The Neglected Ones: Children of undocumented immigrants seldom receive the services they need | First Steps
These days the news is full of polarizing stories about undocumented immigrants. Rarely do we hear about the 4.5 million children born each year in the United States to undocumented immigrant parents.
It’s toddler storytime: let the rumpus begin! Toddlers bound quickly into the room. One hurdles mom’s legs while waiting for the opening song. Some hop, others roam, and a few practically climb our unflappable colleague Janie. Even after getting most of their wiggles out, many toddlers continue to float around the room—until Janie begins to read one of her favorite books, Owl Babies (Candlewick, 1996) by Martin Waddell.
One of the most surprising early literacy questions we’ve encountered is about puppets. It came from a youth librarian whose director insisted that he couldn’t see how using puppets “has any value whatsoever, as far as early literacy is concerned.” “What can I tell him?” she asked us.
Oh, my. Where to start?
Print motivation, most likely. What motivates children more than having fun? Puppets are nothing if not fun. A puppet sharing a story enchants a preschool […]
It’s good to begin the New Year with enthusiasm. Here at Multnomah County Library we’re excited about several things. First, and perhaps most importantly, we’re looking forward to being successful at the ballot box in May, when primary voters will be asked to renew the bulk of our funding. Fortunately, the library is well-regarded in the Portland, OR, community, and we’re likely to secure the support we need.
We’re also excited about rolling out the new “Every Child […]
It’s Never Too Early: Parents should talk to their young ones long before they can speak | First Steps
The young woman sitting alone near the front of the MAX train car was speaking passionately, presumably to a friend on a cellphone. Nothing new—we overhear all sorts of conversations these days. But then, unexpectedly, she lifted a blue bundle to her face, and it became clear that she was talking to her infant son. Some assumptions, thankfully, are so wrong.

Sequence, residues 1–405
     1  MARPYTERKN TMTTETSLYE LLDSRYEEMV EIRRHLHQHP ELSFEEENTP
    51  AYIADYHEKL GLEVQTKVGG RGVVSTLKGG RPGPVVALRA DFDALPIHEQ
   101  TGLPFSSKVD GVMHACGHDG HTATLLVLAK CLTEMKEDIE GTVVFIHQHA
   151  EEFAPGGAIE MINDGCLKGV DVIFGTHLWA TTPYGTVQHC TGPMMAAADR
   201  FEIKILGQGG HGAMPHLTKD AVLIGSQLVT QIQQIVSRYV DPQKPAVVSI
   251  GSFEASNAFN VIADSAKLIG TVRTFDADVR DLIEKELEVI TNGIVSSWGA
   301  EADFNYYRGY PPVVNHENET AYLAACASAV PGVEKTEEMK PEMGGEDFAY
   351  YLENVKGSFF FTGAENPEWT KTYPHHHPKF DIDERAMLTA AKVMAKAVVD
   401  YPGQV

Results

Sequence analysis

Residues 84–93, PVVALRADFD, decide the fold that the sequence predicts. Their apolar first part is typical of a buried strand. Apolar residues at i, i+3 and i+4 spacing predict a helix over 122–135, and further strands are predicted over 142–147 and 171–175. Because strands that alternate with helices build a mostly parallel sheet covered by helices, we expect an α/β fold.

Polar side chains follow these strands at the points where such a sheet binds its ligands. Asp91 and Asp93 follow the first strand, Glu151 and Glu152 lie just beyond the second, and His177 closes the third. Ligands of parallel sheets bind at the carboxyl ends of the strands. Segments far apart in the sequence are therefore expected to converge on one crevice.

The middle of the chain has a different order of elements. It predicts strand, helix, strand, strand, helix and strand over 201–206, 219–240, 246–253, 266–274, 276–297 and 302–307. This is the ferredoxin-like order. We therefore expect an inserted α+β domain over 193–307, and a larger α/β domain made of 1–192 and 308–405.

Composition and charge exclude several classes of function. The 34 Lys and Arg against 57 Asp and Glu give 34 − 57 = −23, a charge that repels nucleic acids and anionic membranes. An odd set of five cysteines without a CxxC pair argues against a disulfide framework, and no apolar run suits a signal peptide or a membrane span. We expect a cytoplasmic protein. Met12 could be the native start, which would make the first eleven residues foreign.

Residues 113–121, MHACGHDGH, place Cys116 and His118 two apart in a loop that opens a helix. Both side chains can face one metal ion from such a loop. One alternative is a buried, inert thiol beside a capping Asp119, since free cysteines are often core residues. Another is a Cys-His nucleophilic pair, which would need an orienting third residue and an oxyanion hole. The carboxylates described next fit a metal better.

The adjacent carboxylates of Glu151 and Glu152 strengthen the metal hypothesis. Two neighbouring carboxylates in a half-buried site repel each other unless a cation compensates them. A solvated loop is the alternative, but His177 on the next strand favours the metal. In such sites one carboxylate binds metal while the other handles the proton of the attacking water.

Somewhere, she had learned how important it is to talk to […]
On these early autumn days, in communities big and small, kindergarteners are stuffing backpacks with colored markers, glue sticks, tissues, and sometimes a favorite book or stuffed animal. Getting ready to start school requires so much preparation that it often eats up the last few weeks of summer. But as we know, preparing for kindergarten entails a lot more than one month of gathering supplies and buying new shoes.
What should young children know going into kindergarten? How to share and […]
Children (and adults) often learn best by seeing and doing
Watching our Commander-in-Chief read Where the Wild Things Are (HarperCollins, 1964) at the White House Easter Egg Roll gave us chills, even though we had to experience it vicariously on YouTube. We had often heard the new president suggest to parents that they “turn off the TV and read to your child.” Now he was modeling just how to do that. And he did a pretty darn good job of it.
Something to Smile About: A Statewide Early Literacy Program Is Making a Big Difference | First Steps
As our communities face serious economic challenges, it’s easy to focus solely on the dire news of the day: dwindling budgets, programs at risk. So, now more than ever, it’s important to appreciate the work that energizes us and gives us hope. Here in Oregon one such program is our new statewide training project to increase early childhood literacy skills.
In 2008, after many years of planning and securing funds, Reading for Healthy Families: Building Communities of Learning was launched in […]
The mothers and children enter the neighborhood meeting room. A raw, icy blast of wind follows the families through the door. Mothers unlayer little ones. Off come the boots and hats and mittens and coats. Babies are unswaddled from the brilliantly colored cloths that are artfully and securely knotted around their mothers. The toddlers and older preschoolers are pulled toward the bright toys and art supplies, and the babies remain tucked in close to their mothers. We gather around a […]